I tried to comfort him as well as I could: but freelivers to free-livers are sorry death-bed conforters. And he broke in upon me: O my dear Belford, said he, I am told, (and I have heard you ridiculed for it,) that the excellent Miss Harlowe has wrought a conversion in you. May it be so! You are a man of sense: O may it be so! Now is your time! Now, that you are in full vigour of mind and body!-But your poor Belton, alas! your poor Belton kept his vices, till they left him-and see the miserable effects in debility of mind and despondency! Were Mowbray here, and were he to laugh at me, I would own that this is the cause of my despair-that God's justice cannot let his mercy operate for my comfort: for, Oh! I have been very, very wicked; and have despised

the offers of his grace, till he has withdrawn it from me for ever,

I used all the arguments I could think of to give him consolation: and what I said had such an effect upon him, as to quiet his mind for the greatest part of the day; and in a lucid hour his memory served him to repeat these lines of Dryden, grasping my hand, and looking wistfully upon me:

O that I less could fear to lose this being,
Which, like a snow-ball, in my coward hand,
The more 'tis grasp'd, the faster melts away!

In the afternoon of Sunday, he was inquisitive after you, and your present behaviour to Miss Harlowe. I told him how you had been, and how light you made of it. Mow. bray was pleased with your impenetrable hardness of heart, and said, Bob. Lovelace was a good edge-tool, and steel to the back and such coarse but hearty praises he gave you, as an abandoned man might give, and only an abandoned man could wish to deserve.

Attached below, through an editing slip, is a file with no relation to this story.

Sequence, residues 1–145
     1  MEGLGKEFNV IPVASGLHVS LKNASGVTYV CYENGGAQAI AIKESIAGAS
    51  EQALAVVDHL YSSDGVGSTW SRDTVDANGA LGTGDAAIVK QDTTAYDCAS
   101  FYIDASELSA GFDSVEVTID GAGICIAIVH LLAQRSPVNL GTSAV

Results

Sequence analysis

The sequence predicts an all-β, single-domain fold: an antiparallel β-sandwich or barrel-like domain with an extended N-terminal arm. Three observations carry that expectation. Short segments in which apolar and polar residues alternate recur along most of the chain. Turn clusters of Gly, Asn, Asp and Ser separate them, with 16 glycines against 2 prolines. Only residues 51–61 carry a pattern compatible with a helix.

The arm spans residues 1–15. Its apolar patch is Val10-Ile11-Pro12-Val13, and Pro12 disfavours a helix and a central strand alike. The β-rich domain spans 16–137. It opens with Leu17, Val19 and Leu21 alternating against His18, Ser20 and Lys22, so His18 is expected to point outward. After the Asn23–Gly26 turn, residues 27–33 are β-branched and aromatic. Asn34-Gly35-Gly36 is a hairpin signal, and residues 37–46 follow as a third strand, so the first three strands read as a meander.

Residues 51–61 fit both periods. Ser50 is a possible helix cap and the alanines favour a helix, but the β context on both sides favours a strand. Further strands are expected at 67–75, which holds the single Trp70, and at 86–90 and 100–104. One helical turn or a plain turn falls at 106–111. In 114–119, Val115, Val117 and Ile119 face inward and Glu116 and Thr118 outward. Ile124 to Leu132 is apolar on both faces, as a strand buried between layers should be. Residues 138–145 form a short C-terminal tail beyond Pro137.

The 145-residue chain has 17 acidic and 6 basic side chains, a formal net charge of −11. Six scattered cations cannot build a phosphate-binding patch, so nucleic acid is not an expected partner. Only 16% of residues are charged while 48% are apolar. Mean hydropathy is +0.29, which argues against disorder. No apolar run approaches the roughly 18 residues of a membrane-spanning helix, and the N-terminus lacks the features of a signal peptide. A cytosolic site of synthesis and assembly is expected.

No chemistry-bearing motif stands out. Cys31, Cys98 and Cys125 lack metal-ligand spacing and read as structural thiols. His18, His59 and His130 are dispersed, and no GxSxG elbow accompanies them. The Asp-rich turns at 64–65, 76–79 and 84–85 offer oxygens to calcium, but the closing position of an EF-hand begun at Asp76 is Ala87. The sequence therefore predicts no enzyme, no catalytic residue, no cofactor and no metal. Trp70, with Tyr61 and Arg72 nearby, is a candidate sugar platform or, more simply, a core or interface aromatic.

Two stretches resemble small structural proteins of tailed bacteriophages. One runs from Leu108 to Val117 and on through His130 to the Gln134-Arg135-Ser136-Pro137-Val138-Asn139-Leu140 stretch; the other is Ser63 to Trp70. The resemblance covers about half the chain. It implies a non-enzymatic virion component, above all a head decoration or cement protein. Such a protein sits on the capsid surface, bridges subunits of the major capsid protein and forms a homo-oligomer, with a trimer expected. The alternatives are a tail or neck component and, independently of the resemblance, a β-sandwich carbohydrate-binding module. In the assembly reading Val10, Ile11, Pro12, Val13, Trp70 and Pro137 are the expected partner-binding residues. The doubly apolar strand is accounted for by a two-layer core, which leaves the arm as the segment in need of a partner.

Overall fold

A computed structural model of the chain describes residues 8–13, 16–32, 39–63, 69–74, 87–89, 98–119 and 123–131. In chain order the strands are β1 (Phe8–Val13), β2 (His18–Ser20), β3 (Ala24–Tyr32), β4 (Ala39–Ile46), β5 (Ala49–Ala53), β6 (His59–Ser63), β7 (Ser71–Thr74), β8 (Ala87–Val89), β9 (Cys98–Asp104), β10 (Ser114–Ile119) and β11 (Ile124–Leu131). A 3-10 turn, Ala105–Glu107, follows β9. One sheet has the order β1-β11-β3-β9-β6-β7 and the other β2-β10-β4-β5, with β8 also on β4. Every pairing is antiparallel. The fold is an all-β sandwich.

But hadst thou heard what the poor dying Belton said on this occasion, perhaps it would have made thee serious an hour or two, at least.


When poor Lovelace is brought,' said he, to a sick، bed, as I am now, and his mind forebodes that it is im" possible he should recover, (which his could not do ' in his late illness: if it had, he could not have behaved so lightly in it;) when he revolves his past mis-spent life; his actions of offence to helpless innocents; in Miss Harlowe's case particularly; what then will he 'think of himself, or of his past actions? his mind de 'bilitated; his strength turned into weakness; unable

to stir or to move without help; not one ray of hope < darting in upon his benighted soul; his conscience · standing in the place of a thousand witnesses; his pains 'excruciating; weary of the poor remnant of life he drags, 6 yet dreading, that, in a few short hours, his bad will be 'changed to worse, nay, to worst of all; and that worst

of all, to last beyond time and to all eternity; O Jack! what will he then think of the poor transitory gratifi'cations of sense, which now engage all his attention? 'Tell him, dear Belford, tell him, how happy he is if he 'know his own happines; how happy, compared to his C poor dying friend, that he has recovered from his illness, ' and has still an opportunity lent him, for which I would ' give a thousand worlds, had I them to give!'